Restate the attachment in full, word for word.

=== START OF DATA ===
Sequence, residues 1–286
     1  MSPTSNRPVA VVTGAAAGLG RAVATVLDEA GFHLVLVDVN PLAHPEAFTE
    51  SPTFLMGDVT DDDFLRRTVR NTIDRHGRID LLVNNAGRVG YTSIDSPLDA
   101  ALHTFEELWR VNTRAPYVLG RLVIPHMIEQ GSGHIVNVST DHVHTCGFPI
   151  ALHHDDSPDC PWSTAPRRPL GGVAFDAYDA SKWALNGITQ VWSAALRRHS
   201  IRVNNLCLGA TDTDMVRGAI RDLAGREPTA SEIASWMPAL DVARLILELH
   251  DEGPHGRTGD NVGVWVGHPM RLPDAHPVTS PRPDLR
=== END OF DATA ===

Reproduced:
Sequence, residues 1–286
     1  MSPTSNRPVA VVTGAAAGLG RAVATVLDEA GFHLVLVDVN PLAHPEAFTE
    51  SPTFLMGDVT DDDFLRRTVR NTIDRHGRID LLVNNAGRVG YTSIDSPLDA
   101  ALHTFEELWR VNTRAPYVLG RLVIPHMIEQ GSGHIVNVST DHVHTCGFPI
   151  ALHHDDSPDC PWSTAPRRPL GGVAFDAYDA SKWALNGITQ VWSAALRRHS
   201  IRVNNLCLGA TDTDMVRGAI RDLAGREPTA SEIASWMPAL DVARLILELH
   251  DEGPHGRTGD NVGVWVGHPM RLPDAHPVTS PRPDLR